Regarding shell /bin/csh

Narendra Uttekar
Regular Advisor

Regarding shell /bin/csh

We use the following lines in /etc/profile as below to create the log file with command executed by that user. We are using login shell as /usr/bin/sh and it is working fine.

export LOGINNAME=`who am i | awk '{print $1}'`
export HISTFILE="/var/tmp/hist_`date +%y%m%d.%H%M%S`.${LOGINNAME}.$LOGNAME.$$"


We are having some users who are having login shell as /bin/csh. I tried the same by putting below lines in /etc/csh.login and .cshrc.  But it is not creating the log file in /var/tmp directory.

setenv LOGINNAME `who am i | awk '{print $1}'`
setenv HISTFILE "/var/tmp/hist_`date +%y%m%d.%H%M%S`.${LOGINNAME}.$LOGNAME.$$"


Please let me know what could be the problem for not creating the log file with command executed by that user in /var/tmp.





P.S. this thread has been moved from HP-UX > System Administration to HP-UX > languages - HP Forums Moderator

Honored Contributor

Re: Regarding shell /bin/csh

The csh shell is widely considered a flawed design.


The variable HISTFILE has no special meaning in csh - the shell treats it as just another user-defined environment variable with no impact to the working of the shell.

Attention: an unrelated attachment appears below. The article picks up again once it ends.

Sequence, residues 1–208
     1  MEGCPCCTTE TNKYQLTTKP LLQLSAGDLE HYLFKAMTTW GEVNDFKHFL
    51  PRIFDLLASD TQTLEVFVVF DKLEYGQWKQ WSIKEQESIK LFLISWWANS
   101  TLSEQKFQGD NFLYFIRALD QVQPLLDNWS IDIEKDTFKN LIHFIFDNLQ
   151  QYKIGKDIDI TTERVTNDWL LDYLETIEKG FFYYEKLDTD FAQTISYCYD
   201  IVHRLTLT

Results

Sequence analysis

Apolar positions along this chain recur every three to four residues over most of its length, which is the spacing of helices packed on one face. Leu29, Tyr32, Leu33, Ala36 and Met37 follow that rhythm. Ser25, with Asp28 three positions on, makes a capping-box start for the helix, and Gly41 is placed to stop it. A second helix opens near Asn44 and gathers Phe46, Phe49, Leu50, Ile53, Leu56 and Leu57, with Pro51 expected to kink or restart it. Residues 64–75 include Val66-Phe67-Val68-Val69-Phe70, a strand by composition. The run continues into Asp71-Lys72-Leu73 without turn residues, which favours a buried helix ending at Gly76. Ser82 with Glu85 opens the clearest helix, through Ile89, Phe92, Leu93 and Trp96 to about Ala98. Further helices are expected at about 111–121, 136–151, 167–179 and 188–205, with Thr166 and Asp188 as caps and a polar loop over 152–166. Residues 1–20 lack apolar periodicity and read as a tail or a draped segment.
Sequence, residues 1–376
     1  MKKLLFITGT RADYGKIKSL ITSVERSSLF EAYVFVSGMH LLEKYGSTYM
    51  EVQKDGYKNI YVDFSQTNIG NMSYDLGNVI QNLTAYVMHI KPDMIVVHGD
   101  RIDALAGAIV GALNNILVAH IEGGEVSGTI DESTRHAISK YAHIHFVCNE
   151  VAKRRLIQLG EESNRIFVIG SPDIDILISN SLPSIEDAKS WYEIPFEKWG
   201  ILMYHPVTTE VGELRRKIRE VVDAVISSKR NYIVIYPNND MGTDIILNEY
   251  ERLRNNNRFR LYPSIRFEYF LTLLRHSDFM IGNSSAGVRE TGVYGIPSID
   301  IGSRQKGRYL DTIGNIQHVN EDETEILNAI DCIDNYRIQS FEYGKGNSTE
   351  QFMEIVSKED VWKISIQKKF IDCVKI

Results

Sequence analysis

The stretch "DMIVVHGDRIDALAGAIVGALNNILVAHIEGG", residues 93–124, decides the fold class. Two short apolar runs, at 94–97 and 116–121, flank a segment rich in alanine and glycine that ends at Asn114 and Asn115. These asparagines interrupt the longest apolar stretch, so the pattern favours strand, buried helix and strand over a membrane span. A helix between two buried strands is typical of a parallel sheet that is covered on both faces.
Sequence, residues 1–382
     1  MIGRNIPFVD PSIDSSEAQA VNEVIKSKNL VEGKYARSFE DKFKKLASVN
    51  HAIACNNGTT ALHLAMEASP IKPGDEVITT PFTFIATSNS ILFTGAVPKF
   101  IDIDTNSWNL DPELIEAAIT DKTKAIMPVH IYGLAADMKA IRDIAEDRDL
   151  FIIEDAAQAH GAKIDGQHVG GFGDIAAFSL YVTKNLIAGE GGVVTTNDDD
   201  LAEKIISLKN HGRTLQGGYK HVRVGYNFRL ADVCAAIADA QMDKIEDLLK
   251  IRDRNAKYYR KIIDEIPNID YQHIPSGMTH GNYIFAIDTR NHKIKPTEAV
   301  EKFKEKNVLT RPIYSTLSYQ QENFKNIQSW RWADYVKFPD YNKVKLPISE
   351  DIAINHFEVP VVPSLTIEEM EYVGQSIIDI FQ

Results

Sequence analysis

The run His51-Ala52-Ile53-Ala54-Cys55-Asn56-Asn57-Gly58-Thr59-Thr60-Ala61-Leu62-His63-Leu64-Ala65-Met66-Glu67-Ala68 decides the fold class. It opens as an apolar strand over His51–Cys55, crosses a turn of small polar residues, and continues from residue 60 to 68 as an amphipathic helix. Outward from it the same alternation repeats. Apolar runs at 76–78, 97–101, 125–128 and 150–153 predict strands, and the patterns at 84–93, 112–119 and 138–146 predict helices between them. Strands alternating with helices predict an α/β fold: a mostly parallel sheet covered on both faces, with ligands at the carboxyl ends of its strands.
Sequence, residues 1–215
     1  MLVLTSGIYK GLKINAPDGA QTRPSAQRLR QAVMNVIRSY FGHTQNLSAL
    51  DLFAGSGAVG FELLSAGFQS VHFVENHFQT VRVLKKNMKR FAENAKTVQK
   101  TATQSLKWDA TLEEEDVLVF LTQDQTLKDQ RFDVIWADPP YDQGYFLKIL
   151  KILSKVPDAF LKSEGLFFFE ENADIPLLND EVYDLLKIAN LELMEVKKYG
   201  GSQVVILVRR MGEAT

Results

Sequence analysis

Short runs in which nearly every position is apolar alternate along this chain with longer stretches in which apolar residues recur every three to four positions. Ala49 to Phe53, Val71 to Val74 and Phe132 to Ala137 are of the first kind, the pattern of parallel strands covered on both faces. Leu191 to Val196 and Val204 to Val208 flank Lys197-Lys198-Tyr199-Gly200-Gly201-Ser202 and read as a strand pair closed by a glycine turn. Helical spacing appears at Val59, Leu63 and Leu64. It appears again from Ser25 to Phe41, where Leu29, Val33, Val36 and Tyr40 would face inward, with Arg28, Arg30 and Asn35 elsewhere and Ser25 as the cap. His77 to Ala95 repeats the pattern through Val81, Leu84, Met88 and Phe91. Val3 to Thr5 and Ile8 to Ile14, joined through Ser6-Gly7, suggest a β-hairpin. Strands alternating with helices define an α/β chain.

The name of the csh shell history file is hardcoded as '~/.history' - apparently that is not changeable at all.


There are two variables that control how many commands are kept in the history buffer of the csh shell and how many of those are saved to ~/.history. These are not environment variables, but shell variables: you should use "set" and "unset" instead of "setenv" and "unsetenv" with them. The names of the variables are $history and $savehist (note lower case).


You can set these to large values, but not to "infinite", so as soon as the number of commands the user has entered in a session becomes greater than the value of $history, some of the oldest commands will be forgotten. And since the .history file will be written at logout time and only $savehist last commands will be recorded, it will be easy for the user to avoid logging even without modifying any shell settings: just run $savehist innocent commands after any evil command, and the evil command is guaranteed to not appear in the .history file.


But there is an even easier way to avoid .history "logging": since the shell variables apparently cannot be made immutable in csh, the user can simply run "unset savehist" or "set savehist 0" and the current session won't be recorded.


Because of these differences, I would say that your trick with /usr/bin/sh is not applicable to csh at all.